On the campaign trail in 2008, Barack Obama was charismatic and sold himself well. Unfortunately, he also sold out his country.
In modern political history there has scarcely been a politician who promises so many things, then does precisely the opposite. I agree with everything Obama says and nothing he does.
Obama is the man everyone hopes to hear on the campaign trail and the man everyone should hope to never see reelected. Obama could not be more correct in his astute assessments that our foreign wars are a blight, our courts are a dictatorial disgrace, and our economic system is in mortal peril.
In spite of candidate Obama’s call for a speedy end to our military conflicts in the name of a “War on Terror,” President Obama often expanded them. Everything from drones in the air to boots on the ground was increased. When Obama entered office there were 140,000 troops in Iraq, and for half of his term this remained roughly the same. In Afghanistan he increased the number of troops from 30,000 to almost 100,000. There are also ominous reports of increases in other Middle Eastern countries. There are proxy wars in Libya and Pakistan. And there’s the continuation of AFRICOM.
In the wake of Supreme Court hearings regarding healthcare, Obama chastised the judges and seemed to imply they had no power to overturn Congressional legislation. Legal sycophants corrected the president that ever since Marbury v. Madison, the court has assumed this privilege.
Being an old Jacksonian myself, I agree wholeheartedly with the president. Early on in our republic, the Supreme Court was viewed as the weak sister of governmental branches. Judicial review and the invalidation of democratic legislation soon altered everything.
Our unelected and largely unaccountable judiciary is an appointment-for-life autocracy. When Obama suggests the court has no authentic power to nullify the popular will, I generally concur. Some Founders similarly understood the judiciary’s function to be largely advisory. But it is difficult to reconcile legislative authority with a defiant judiciary.
Obama doesn’t seem to seriously hold to the view that the Supreme Court’s monstrous usurpations should be curtailed. Such a hydra would likely engage a president’s entire term to grapple and overcome. Like the child with its shiny toy, Obama seems unconcerned about questions of independence and authoritarianism, law and reality, or simple right and wrong. He merely wants to play with what someone has taken away from him.
Anyone who does not believe a nation with wealth disparity that rivals ancient Rome’s is heading for disaster does not read their history. Everywhere we farm out labor to serfs foreign or domestic in the pursuit of less expensive goods. While this serves our consumer society’s instant gratification, it betrays the Prozac Nation of manic depressives we have become.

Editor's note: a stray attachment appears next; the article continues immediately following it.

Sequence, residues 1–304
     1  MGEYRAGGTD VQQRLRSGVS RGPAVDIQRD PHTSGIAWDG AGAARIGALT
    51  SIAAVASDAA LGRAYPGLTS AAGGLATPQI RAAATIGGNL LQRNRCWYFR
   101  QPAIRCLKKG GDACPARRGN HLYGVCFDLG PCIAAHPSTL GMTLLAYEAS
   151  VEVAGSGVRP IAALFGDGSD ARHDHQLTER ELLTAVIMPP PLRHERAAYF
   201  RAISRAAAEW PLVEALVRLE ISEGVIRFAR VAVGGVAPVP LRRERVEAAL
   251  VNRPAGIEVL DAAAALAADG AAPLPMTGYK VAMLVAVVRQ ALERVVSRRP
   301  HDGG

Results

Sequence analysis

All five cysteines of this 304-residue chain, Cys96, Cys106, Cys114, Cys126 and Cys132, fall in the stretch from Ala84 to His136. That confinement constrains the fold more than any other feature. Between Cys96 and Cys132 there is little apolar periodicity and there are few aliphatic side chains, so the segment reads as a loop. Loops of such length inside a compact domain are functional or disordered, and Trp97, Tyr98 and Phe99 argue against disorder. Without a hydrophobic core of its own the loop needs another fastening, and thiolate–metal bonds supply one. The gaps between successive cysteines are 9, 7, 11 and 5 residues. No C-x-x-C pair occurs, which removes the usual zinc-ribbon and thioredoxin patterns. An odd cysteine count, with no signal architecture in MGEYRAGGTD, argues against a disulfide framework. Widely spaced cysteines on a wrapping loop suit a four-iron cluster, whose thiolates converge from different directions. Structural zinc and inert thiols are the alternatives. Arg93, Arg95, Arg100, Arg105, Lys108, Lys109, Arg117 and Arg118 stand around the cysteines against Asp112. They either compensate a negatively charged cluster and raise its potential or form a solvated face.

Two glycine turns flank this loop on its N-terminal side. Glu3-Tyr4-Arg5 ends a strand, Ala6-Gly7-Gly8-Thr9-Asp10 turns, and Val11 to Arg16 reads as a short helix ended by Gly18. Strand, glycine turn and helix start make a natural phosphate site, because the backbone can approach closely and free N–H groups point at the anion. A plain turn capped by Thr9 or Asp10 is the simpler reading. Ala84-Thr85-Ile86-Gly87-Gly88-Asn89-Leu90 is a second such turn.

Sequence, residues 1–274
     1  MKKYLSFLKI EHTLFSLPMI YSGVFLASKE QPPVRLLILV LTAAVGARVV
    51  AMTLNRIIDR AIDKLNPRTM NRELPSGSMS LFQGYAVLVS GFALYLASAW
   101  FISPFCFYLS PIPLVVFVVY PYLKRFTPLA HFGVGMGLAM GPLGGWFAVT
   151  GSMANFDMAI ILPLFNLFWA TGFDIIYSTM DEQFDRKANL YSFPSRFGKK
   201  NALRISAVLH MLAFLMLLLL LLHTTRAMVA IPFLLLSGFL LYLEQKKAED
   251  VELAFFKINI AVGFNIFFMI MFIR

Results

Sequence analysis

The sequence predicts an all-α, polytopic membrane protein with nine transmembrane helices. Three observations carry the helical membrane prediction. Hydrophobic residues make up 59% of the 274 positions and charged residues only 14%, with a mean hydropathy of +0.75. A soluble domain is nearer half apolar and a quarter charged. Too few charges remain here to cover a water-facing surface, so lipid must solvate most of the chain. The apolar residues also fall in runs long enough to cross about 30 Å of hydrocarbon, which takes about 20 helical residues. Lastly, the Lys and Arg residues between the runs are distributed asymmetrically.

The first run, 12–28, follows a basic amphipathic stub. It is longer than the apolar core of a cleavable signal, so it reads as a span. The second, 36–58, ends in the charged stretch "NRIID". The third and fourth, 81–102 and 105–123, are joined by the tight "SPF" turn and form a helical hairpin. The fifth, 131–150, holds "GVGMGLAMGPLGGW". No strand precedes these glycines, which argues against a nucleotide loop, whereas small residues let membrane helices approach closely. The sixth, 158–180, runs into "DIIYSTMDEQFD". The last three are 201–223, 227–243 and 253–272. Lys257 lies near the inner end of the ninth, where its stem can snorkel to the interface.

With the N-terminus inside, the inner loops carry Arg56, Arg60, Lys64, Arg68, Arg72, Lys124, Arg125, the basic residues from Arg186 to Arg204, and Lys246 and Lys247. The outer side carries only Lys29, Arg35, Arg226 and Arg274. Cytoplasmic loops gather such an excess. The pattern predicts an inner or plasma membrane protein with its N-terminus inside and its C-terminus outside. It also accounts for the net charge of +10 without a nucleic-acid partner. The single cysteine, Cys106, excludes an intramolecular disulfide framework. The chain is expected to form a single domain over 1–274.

American life is rapidly reflecting the social strata of nineteenth-century Britain, in which you are ordained to do what your father did. What once was a social ladder has morphed into a greased landing where one false step sends citizens to the very bottom with little hope of rising again.
When the structure collapses, culpability won’t matter. Obama may be a quasi-socialist, but he is right in identifying problems of an immobile middle class, of Midas-worthy wealth which comes from nonproductive activities, and the growing threat of a permanent underclass that has no access to self-betterment.
Recently Obama asked, “Can we succeed as a country where a shrinking number of people do exceedingly well while a growing number struggle to get by?” He characterized this as “the defining question of our time.”
I couldn’t agree more. Obama is right a good deal of the time in what he says. The difficulty arises in some cases from what he does, but in most cases from what he doesn’t do.
It is easy to criticize those without healthcare, but no one earning minimum wage can afford both healthcare and food. It was facile to ridicule people who took “home improvement” mortgages during the housing bubble, but millions were strongly encouraged to do so by everyone from bankers to politicians to the Federal Reserve Chairman himself. The most “foolish” thing about these people is they were naïve enough to trust their government. From drywall hangers to computer specialists, everyone is now forced to compete against Mexicans, Indians, and all other parties who can infiltrate the country or inveigle an H-1B visa.
The gorge separating haves from have-nots is becoming a gouge in our country, and the wound is more infected daily. It must be addressed, and soon. The lower and middle classes are suffering, and more often than the well-off care to admit, this is due to policies and practices over which sufferers have no control. But Obama’s idea of intensive surgery is to purchase more ambulances. He acts as if the best way to mend someone else’s broken leg is to amputate yours.
If overseas overextension, an imperial judiciary, and class conflict are our most pressing issues, I can’t think of many ways to make them worse.
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